The agreement aims to enhance food safety and ensure a consistent food supply while also tackling barriers to economic growth. It includes initiatives to boost investment in the agriculture sector, such as reclaiming land and constructing vital infrastructure for a new agricultural economic zone. The Chinese company, CHEC, will be responsible for building facilities for agriculture, industry, and transportation, as well as establishing specialized farms for fruits and vegetables and a farmer training center. However, concerns arise due to the timing and location of the project. The Maldivian opposition suspects that the true motive behind CHEC’s involvement may not be agricultural development but rather military purposes. This suspicion is fueled by CHEC’s past involvement in projects like the Hambantota port in Sri Lanka, where China eventually gained control due to Sri Lanka’s inability to repay debts.

China Harbour Engineering Company Ltd (CHEC), a subsidiary of China Communications Construction Company (CCCC), is a global infrastructure builder known for its involvement in various civil engineering projects such as seaports, canals, roads, bridges, railways, airports, and industrial plants. However, its close ties to the Chinese military and government have sparked concerns about its true intentions several times in the recent past.

In 2021, the Asian Development Bank (ADB) disqualified CHEC and two other Chinese construction firms from bidding on a crucial airport expansion project in Nepal due to ethical violations. This move came after nearly 20 companies initially showed interest, but only four Chinese firms submitted bids, and two of them were blacklisted. The sanctions against these companies, including CHEC, have resulted in temporary bans, causing delays in the airport development.

Moreover, CHEC has faced scrutiny in other countries. In Sri Lanka, allegations emerged suggesting that CHEC financially supported Mahinda Rajapaksa’s presidential campaign in 2015, prompting calls for an inquiry. Although CHEC denied these claims, the controversy raised questions about its political influence and transparency.

The World Bank banned CHEC from participating in projects in Bangladesh due to bribery allegations, highlighting concerns about its business practices. The United States has also taken action against CHEC over its involvement in land reclamation projects to build military islands in the contentious South China Sea. These incidents collectively raise doubts about CHEC’s true motives and its role as a key player in global infrastructure.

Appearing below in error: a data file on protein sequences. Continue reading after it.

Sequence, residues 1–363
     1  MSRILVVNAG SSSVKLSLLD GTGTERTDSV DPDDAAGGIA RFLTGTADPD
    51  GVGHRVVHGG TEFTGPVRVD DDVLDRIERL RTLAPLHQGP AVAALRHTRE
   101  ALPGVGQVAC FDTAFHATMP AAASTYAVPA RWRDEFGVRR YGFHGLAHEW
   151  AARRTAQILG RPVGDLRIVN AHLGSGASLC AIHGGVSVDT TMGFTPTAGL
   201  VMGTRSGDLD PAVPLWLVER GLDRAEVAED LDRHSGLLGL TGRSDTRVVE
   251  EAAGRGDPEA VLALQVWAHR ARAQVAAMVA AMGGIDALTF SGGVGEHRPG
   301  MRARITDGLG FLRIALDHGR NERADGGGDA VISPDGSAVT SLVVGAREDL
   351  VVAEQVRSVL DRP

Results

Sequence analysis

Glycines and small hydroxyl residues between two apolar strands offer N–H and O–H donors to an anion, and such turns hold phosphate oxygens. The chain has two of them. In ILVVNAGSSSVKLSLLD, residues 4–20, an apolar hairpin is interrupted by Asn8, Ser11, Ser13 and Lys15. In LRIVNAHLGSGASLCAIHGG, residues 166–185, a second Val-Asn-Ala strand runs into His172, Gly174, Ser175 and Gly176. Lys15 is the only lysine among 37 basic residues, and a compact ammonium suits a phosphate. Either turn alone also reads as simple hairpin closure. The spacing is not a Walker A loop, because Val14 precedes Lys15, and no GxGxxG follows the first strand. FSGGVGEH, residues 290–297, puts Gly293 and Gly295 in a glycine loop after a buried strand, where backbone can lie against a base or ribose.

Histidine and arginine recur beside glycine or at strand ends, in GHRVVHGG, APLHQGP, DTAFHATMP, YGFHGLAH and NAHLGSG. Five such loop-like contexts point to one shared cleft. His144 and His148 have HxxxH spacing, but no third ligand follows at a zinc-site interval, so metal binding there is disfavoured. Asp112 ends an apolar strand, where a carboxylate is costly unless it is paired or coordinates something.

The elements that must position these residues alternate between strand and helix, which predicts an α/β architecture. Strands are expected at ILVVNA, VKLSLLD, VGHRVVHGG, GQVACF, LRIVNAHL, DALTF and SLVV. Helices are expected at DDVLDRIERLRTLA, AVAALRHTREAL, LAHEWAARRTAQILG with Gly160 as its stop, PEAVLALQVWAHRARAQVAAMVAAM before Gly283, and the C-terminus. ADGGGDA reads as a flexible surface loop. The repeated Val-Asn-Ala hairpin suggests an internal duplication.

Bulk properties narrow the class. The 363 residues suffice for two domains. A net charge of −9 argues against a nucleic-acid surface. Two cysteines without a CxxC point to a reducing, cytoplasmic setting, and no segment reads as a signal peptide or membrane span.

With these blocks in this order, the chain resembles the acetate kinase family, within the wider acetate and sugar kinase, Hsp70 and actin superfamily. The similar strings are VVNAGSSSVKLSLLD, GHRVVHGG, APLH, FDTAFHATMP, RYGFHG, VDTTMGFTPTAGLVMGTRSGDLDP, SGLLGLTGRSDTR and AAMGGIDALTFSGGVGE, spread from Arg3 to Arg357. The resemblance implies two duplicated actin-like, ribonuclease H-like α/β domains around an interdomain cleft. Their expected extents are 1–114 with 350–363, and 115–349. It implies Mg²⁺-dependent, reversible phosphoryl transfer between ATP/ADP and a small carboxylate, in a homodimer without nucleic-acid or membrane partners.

Fayyaz Ismail, head of the opposition Maldivian Democratic Party (MDP) and former Economic Minister, strongly disagreed with the government’s decision regarding the development of the Uthuru Thilafalhu (UTF) area. The MDP views UTF as a potential future housing area to alleviate overcrowding in the capital, Male’. Ismail questioned the allocation of such a significant and potentially valuable plot for agriculture, particularly under the management of a Chinese company. He argued that utilizing other islands for agricultural purposes would be a more cost-effective solution, allowing UTF to fulfill its intended purpose of providing housing.

The quick pace of reallocation of the UTF islands raises further questions. In December, 2023, the Muizzu government put on hold development plans for it. This area was designated for housing by the previous administration led by President Solih. Their plan involved a social housing scheme offering land plots to eligible citizens of Malé City. This former administration had also been building a dockyard and harbour for the Maldives National Defense Force (MNDF) on UTF, and even planned to reclaim more land nearby. It is for Maldives now to decide its strategic priorities in the UTF islands area.

In conclusion, China’s intervention in the Maldives, especially in sensitive areas like agriculture and defense infrastructure, along with President Muizzu’s policies favoring Chinese interests over regional stability and partnerships, warrants critical scrutiny and proactive measures to safeguard the Maldives’ sovereignty, security, and strategic autonomy in the Indian Ocean Region.

  • *Dr. Maheep is a leading analyst of International Relations and Global Affairs. He contributes articles on issues of utmost importance for Humanity.